Subordinated debt. Our subordinated debt investments will generally rank junior in priority of payment to senior loans and will generally be unsecured. This may result in a heightened level of risk and volatility or a loss of principal, which could lead to the loss of the entire investment. These investments may involve additional risks that could adversely affect our investment returns. To the extent interest payments associated with such debt are deferred, such debt may be subject to greater fluctuations in valuations, and such debt could subject us and our stockholders to non-cash income. Since we will not receive any principal repayments prior to the maturity of some of our subordinated debt investments, such investments will be of greater risk than amortizing loans.

 

Equity investments. We expect to make select equity investments. In addition, when we invest in senior secured and second lien secured loans or subordinated debt, we may acquire warrants to purchase equity securities. The equity interests we receive may not appreciate in value and, in fact, may decline in value. Accordingly, we may not be able to realize gains from our equity interests, and any gains that we do realize on the disposition of any equity interests may not be sufficient to offset any other losses we experience.

 

Non-U.S. securities. We may invest in non-U.S. securities, which may include securities denominated in U.S. dollars or in non-U.S. currencies, to the extent permitted by the 1940 Act. Because evidences of ownership of such securities usually are held outside the United States, we would be subject to additional risks if we invested in non-U.S. securities, which include possible adverse political and economic developments, seizure or nationalization of foreign deposits and adoption of governmental restrictions which might adversely affect or restrict the payment of principal and interest on the non-U.S. securities to investors located outside the country of the issuer, whether from currency blockage or otherwise. Since non-U.S. securities may be purchased with and payable in foreign currencies, the value of these assets as measured in U.S. dollars may be affected unfavorably by changes in currency rates and exchange control regulations.

 

In addition, we invest in securities that are rated below investment grade by rating agencies or that would be rated below investment grade if they were rated. Below investment grade securities, which are often referred to as “junk,” have predominantly speculative characteristics with respect to the issuer’s capacity to pay interest and repay principal. They may also be difficult to value and illiquid.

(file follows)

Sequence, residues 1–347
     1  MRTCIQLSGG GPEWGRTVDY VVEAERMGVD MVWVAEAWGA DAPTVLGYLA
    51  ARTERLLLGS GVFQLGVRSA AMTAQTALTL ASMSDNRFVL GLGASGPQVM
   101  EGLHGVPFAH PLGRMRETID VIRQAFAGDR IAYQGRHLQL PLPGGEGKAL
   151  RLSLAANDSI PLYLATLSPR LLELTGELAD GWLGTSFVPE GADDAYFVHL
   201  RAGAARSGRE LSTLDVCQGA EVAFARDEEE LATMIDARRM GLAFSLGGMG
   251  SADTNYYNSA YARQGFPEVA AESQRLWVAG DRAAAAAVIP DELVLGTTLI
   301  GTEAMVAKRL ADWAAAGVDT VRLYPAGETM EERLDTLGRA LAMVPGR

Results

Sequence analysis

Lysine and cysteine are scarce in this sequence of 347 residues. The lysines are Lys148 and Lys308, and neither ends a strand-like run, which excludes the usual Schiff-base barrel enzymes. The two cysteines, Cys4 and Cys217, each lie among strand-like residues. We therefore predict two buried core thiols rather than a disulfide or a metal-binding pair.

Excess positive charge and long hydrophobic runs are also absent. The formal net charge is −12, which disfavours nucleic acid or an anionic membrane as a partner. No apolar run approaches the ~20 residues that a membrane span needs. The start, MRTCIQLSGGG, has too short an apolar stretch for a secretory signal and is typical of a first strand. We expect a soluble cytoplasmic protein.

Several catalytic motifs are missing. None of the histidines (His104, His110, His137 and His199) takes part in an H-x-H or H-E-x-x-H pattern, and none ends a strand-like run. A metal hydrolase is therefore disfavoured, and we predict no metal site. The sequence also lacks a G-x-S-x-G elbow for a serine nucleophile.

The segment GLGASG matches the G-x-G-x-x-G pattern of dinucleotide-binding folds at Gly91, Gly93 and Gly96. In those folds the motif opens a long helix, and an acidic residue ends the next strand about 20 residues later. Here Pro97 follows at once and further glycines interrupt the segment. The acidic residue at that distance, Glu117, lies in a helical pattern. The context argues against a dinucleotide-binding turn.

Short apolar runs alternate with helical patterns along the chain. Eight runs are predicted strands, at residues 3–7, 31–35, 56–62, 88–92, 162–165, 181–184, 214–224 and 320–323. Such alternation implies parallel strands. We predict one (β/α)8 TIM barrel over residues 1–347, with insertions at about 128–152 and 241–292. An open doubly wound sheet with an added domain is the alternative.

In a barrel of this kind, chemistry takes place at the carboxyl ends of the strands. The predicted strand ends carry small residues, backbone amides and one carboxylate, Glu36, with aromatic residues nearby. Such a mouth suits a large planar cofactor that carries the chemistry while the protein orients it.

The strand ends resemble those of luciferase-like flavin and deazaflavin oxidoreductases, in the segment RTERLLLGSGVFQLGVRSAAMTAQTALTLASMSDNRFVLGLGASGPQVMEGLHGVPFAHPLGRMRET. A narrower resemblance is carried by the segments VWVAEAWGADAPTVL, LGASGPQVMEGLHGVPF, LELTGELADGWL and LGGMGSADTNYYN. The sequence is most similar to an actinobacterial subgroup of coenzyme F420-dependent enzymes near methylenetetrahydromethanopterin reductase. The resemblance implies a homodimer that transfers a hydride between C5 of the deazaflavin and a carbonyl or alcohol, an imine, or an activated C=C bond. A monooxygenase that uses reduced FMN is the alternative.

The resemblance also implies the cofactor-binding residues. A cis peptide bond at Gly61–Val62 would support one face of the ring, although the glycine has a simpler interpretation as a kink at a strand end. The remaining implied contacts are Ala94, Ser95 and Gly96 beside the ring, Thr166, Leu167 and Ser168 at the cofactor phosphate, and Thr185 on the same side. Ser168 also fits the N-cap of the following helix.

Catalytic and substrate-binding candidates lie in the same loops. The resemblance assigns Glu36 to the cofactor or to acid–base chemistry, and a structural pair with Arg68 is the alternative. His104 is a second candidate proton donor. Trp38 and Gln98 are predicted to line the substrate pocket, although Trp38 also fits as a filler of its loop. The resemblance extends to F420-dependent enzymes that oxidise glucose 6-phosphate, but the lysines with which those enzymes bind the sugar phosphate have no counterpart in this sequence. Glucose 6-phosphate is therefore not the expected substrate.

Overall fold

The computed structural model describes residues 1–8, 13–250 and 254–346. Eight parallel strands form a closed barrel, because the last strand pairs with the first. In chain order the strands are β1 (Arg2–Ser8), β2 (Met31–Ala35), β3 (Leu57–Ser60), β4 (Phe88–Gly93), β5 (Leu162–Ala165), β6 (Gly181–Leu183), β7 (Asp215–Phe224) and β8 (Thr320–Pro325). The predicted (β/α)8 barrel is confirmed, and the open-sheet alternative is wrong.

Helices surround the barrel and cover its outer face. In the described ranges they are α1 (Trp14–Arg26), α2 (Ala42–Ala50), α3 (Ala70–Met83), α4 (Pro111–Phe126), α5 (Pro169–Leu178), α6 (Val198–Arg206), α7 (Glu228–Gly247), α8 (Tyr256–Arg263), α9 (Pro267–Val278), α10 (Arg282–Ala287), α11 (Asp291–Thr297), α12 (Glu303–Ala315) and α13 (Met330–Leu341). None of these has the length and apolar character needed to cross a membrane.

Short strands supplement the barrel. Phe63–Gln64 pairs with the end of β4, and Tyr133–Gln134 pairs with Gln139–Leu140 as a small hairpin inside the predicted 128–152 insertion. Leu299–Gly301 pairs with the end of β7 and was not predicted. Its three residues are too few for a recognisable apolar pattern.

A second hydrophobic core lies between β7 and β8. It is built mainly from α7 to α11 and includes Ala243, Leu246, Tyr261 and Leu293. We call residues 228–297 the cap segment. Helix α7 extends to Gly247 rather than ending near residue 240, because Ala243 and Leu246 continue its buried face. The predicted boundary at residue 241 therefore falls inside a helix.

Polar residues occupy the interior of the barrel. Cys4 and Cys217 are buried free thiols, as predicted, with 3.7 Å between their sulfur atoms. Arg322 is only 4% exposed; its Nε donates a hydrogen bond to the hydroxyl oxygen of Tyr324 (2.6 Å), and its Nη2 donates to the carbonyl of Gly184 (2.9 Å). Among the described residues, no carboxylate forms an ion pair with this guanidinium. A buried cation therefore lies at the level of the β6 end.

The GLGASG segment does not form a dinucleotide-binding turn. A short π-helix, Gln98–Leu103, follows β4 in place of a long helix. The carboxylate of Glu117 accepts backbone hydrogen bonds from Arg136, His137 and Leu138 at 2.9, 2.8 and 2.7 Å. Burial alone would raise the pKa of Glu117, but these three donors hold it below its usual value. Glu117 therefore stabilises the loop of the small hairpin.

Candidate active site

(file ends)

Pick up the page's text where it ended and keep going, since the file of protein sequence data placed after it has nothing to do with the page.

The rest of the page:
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Our portfolio companies may incur debt that ranks equally with, or senior to, our investments in such companies.

 

Our portfolio companies may have, or may be permitted to incur, other debt that ranks equally with, or senior to, the debt in which we invest. By their terms, such debt instruments may entitle the holders to receive payment of interest or principal on or before the dates on which we are entitled to receive payments with respect to the debt instruments in which we invest. Also, in the event of insolvency, liquidation, dissolution, reorganization or bankruptcy of a portfolio company, holders of debt instruments ranking senior to our investment in that portfolio company would typically be entitled to receive payment in full before we receive any proceeds. After repaying such senior creditors, such portfolio company may not have any remaining assets to use for repaying its obligation to us. In the case of debt ranking equally with debt instruments in which we invest, we would have to share on an equal basis any distributions with other creditors holding such debt in the event of an insolvency, liquidation, dissolution, reorganization or bankruptcy of the relevant portfolio company.

 

There may be circumstances where our debt investments could be subordinated to claims of other creditors or we could be subject to lender liability claims.

 

If one of our portfolio companies were to go bankrupt, depending on the facts and circumstances, including the extent to which we actually provided managerial assistance to that portfolio company, a bankruptcy court might recharacterize our debt investment and subordinate all or a portion of our claim to that of other creditors. In situations where a bankruptcy carries a high degree of political significance, our legal rights may be subordinated to other creditors. We may also be subject to lender liability claims for actions taken by us with respect to a borrower’s business or in instances where we exercise control over the borrower or render significant managerial assistance.

 

Second priority liens on collateral securing debt investments that we own may be subject to control by senior creditors with first priority liens. If there is a default, the value of the collateral may not be sufficient to repay in full both the first priority creditors and us.